( Chicago, IL, January 8, 2015 ) - Today, Lambda Legal announced that Douglas Hammett-Lair ( Doug ) started receiving spousal survivor benefits after CNA Financial Corporation amended its retirement plan to allow many surviving same-sex spouses to receive benefits. The change came after Lambda Legal and private counsel Louis Ascherman urged CNA to grant spousal benefits to same-sex couples together for years, if not decades, but only recently able to marry due to discriminatory marriage exclusions.
"Thirty six states and the District of Columbia now have the freedom to marry, but sadly that freedom came too late for many same-sex couples who had been in loving, committed relationships for decades," said Karen Loewy, Senior Attorney for Lambda Legal. "In many cases, couples were married for less than a year before one of the spouses died, complicating access to spousal benefits. Surviving spouses shouldn't be penalized because they were excluded from marriage for most of their time together.
"We're proud to have worked with CNA, a company with a long history of supporting the LGBT community, to implement a change in policy that provides major help and sometimes critical support for a surviving spouse, and thrilled that Doug will be treated like any other surviving spouse. We urge all other companies to follow CNA's lead," Loewy added.
Doug and Gary Hammett-Lair met in 1983 and were together for thirty years. Gary began working for CNA in Chicago in 1986 and named Doug as his beneficiary for his employer-provided life insurance and accidental death benefits. Both Gary and Doug were both diagnosed with disabling conditions in 1989 and both were on disability by early 1995. Because Gary was on disability, it limited the type of retirement plan he was able to participate in to one that only allowed spouses to receive survivor benefits. As a result, when he went on disability he could not name Doug as his beneficiary.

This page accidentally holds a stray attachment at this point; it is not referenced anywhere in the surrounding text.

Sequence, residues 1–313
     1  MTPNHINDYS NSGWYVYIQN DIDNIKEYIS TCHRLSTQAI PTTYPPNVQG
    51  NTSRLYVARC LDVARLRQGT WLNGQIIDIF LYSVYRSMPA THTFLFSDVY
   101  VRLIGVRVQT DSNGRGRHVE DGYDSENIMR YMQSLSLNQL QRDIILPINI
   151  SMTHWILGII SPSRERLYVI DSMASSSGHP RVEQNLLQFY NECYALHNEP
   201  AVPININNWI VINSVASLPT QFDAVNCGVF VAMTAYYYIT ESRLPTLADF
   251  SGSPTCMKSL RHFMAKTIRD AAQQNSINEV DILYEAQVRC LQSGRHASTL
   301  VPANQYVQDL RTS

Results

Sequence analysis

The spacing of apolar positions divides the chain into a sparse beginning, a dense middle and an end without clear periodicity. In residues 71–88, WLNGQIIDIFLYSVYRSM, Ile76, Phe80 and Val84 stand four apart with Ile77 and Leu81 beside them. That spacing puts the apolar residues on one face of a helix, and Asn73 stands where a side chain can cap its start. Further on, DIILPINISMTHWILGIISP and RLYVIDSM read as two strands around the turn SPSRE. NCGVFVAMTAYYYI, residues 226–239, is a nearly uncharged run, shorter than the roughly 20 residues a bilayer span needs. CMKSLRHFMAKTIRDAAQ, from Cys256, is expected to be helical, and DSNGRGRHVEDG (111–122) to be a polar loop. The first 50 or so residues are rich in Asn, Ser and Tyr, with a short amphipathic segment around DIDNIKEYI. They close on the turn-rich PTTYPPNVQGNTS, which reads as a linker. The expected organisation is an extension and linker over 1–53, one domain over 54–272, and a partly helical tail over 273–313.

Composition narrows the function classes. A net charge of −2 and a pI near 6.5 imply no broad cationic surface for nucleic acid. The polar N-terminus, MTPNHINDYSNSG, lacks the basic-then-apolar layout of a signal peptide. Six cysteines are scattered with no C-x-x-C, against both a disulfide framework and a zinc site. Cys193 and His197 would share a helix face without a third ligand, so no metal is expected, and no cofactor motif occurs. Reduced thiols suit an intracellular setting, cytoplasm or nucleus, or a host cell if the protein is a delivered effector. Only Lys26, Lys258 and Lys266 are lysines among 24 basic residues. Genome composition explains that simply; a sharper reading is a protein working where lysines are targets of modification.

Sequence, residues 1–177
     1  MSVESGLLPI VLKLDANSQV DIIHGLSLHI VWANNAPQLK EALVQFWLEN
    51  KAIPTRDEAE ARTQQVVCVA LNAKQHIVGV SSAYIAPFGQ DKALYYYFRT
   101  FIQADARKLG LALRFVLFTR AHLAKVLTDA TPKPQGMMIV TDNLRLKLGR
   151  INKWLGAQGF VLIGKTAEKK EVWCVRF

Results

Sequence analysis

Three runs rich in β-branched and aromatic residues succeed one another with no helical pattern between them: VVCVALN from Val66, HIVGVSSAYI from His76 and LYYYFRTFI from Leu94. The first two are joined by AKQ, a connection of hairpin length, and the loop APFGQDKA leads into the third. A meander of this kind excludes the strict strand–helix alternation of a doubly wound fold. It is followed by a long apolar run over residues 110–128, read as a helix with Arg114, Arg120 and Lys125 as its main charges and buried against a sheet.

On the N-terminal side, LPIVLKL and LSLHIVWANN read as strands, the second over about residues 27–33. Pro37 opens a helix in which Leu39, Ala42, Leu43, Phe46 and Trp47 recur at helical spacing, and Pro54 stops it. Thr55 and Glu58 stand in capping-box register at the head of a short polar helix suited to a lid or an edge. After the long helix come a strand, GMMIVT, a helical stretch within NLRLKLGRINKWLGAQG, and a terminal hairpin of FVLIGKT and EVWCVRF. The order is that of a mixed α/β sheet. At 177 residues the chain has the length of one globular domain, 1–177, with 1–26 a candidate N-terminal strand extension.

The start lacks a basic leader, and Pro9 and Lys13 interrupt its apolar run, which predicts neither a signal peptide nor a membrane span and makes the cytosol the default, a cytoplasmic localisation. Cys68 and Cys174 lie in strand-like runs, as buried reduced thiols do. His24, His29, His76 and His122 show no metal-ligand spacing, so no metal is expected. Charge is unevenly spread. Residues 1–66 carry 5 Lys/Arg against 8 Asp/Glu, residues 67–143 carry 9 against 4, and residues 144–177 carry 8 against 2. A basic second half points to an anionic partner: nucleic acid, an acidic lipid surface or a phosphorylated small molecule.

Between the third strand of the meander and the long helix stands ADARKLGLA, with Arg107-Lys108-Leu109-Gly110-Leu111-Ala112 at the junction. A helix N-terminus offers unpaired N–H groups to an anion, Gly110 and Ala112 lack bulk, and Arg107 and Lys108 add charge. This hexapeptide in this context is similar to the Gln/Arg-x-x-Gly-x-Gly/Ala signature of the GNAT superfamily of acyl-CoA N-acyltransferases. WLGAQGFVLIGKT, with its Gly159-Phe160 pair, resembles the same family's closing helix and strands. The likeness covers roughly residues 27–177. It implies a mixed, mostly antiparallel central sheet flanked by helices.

Gary and Doug got married in New York on August 23, 2013, and shortly thereafter Gary changed his designation of Doug from a general beneficiary to his spouse. Tragically, six weeks after their wedding, Gary was diagnosed with terminal liver cancer and died in December of 2013. Doug then applied for spousal survivor benefits from CNA, but his request was denied because "a qualified spouse must be married to the participant at least one year prior to death in order to be eligible for a benefit."
Following appeals from Lambda Legal and Louis Ascherman, CNA announced a plan amendment that will allow a plan participant and his or her same-sex spouse married for less than a year to be considered as married for a full year if, at the date of death, they ( i ) lived in a state that either does not recognize their marriage or has recognized their marriage for less than a year, and ( ii ) they can prove that they lived together in the same household in a committed relationship of mutual support and sharing of financial obligations and living expenses for at least twelve months.
"We are proud to support CNA's LGBTQ employees who are vital contributors to CNA's success. Their work to advance the company is making CNA a better place to work," said Sarah Pang, Senior Vice President Communications and Community Involvement, CNA.
"My heart smiles knowing that this vital change will help so many couples like Gary and me," said Doug Hammett-Lair. "This is about the dignity that has been restored in my life and the validity to my marriage and to my relationship. I'm so grateful."